With the advent of MoMo, it became a lot easier to transfer money to friends and relatives as well as make payments for goods and services. Suddenly, people didn’t have to trek considerable distances to the post office before receiving funds sent them. One only had to locate one of the many MoMo agents dotted around the community in order to be served.
Since MTN introduced Mobile Money, the other networks namely Airtel, Tigo, and Vodafone have come up with their versions of the service (Airtel has since merged with Tigo to form Airtel-Tigo). As at the end of December 2016, the service provided employment to a total of 107,415 mobile money agents across the nation. MTN alone accounted for 54% of that with 58,000+ agents.
Over this 10-year period, MTN has increased its MoMo subscribers to 14 million — a massive figure considering that it had less than 100,000 subscribers 6 months after the service launched in 2009.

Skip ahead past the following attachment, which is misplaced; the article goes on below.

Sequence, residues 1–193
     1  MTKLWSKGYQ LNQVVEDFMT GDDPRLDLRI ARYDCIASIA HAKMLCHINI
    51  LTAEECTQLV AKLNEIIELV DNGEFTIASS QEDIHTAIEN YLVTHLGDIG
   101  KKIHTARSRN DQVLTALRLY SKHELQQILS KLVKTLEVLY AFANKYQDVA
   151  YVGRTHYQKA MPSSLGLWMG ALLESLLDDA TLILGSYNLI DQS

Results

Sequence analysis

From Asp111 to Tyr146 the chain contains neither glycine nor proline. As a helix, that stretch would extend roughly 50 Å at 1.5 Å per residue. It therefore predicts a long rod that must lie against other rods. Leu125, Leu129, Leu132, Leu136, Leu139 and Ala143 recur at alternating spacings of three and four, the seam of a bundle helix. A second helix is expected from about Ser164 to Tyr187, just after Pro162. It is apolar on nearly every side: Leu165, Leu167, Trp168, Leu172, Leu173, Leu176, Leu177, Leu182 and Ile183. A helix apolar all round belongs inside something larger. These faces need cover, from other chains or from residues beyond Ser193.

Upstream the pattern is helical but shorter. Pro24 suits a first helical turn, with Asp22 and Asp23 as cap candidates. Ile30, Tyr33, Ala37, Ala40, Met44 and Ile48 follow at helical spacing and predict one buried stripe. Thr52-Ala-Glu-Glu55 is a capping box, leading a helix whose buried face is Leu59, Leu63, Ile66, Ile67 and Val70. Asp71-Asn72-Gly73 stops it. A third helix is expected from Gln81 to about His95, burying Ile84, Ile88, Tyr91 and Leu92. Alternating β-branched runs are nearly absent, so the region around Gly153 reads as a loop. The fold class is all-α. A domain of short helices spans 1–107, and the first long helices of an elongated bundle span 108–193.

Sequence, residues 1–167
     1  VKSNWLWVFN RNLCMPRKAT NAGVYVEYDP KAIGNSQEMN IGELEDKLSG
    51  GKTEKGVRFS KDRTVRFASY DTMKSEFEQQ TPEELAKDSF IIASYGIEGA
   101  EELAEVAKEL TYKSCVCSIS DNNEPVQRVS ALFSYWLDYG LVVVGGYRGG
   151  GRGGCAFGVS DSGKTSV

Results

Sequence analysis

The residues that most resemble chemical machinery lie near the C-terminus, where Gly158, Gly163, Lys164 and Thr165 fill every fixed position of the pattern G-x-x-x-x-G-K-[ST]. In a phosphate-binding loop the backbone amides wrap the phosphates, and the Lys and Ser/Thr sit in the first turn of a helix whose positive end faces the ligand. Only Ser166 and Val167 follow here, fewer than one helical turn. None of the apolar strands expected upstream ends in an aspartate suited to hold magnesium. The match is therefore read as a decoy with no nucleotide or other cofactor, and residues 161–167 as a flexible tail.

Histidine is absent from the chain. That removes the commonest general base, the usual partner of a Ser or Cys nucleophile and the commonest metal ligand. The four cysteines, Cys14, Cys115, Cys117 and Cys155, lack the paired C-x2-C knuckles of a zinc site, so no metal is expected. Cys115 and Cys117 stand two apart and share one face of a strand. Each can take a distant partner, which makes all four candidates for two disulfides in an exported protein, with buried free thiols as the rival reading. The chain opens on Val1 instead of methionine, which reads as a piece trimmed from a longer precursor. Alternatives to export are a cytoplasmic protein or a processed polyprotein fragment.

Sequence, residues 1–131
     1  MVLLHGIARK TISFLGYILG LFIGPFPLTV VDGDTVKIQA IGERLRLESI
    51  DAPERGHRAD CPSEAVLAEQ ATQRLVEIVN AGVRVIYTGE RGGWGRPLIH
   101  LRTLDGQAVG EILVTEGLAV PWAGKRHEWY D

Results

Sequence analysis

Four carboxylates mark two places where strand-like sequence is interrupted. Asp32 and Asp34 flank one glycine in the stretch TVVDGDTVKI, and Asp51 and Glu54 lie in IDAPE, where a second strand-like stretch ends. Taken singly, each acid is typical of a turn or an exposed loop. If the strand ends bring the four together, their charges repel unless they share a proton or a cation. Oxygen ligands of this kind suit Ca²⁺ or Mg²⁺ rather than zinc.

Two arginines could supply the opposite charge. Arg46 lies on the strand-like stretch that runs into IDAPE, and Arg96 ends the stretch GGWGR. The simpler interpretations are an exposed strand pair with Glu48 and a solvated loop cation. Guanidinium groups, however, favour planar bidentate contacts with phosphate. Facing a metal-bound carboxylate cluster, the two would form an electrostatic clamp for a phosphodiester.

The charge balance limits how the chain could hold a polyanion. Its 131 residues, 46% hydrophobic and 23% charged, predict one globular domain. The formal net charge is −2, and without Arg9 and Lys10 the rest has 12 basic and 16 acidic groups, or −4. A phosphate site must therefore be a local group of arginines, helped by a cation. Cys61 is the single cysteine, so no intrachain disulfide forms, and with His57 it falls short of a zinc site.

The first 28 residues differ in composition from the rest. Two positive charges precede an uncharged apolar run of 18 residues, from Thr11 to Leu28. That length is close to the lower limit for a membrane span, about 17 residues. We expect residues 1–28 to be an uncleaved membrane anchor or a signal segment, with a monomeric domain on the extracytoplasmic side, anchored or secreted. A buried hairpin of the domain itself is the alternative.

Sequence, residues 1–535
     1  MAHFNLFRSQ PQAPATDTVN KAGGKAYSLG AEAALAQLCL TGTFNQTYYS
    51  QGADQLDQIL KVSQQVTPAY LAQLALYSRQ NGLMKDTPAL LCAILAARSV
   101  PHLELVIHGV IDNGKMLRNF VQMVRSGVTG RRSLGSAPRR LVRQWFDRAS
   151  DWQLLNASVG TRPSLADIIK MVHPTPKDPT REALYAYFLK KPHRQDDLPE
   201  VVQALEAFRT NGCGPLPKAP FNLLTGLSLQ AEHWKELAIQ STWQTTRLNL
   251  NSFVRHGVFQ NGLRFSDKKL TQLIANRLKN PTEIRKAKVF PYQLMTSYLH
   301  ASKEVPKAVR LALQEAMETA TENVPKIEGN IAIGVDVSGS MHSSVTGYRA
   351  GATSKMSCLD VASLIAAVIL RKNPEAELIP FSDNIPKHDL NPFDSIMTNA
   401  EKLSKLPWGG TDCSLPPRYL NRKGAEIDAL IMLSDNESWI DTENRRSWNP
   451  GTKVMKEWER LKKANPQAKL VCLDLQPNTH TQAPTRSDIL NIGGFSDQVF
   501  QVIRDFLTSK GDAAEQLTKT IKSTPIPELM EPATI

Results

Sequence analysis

The massive impact on the economy cannot be left out either. In the recent Payment Systems Statistics report published by the Ghana Interbank Payment and Settlement Systems (GHIPSS), it was revealed that wallet to wallet transactions worth GH¢85.73million were conducted via the Mobile Money Interoperability system during the first quarter of 2019.
It’s now easier to do online shopping with many of such vendors accepting MoMo as a mode of payment. Paying utility bills, digital TV subscriptions, and even tuition for some educational institutions can be done through that platform. Also, you can make your National Health Insurance renewal payments via MoMo, as well as accessing soft loans (QwikLoan) through your account. In short, what started a decade ago, has opened the floodgates for many possibilities — which in turn changed the way financial payments are done in Ghana.
The success of MTN Mobile Money didn’t come without challenges. Being a pioneer meant the telecom giant had to bear the cost of infrastructural development as well as being responsible for marketing or expansion drives to bring awareness to the service.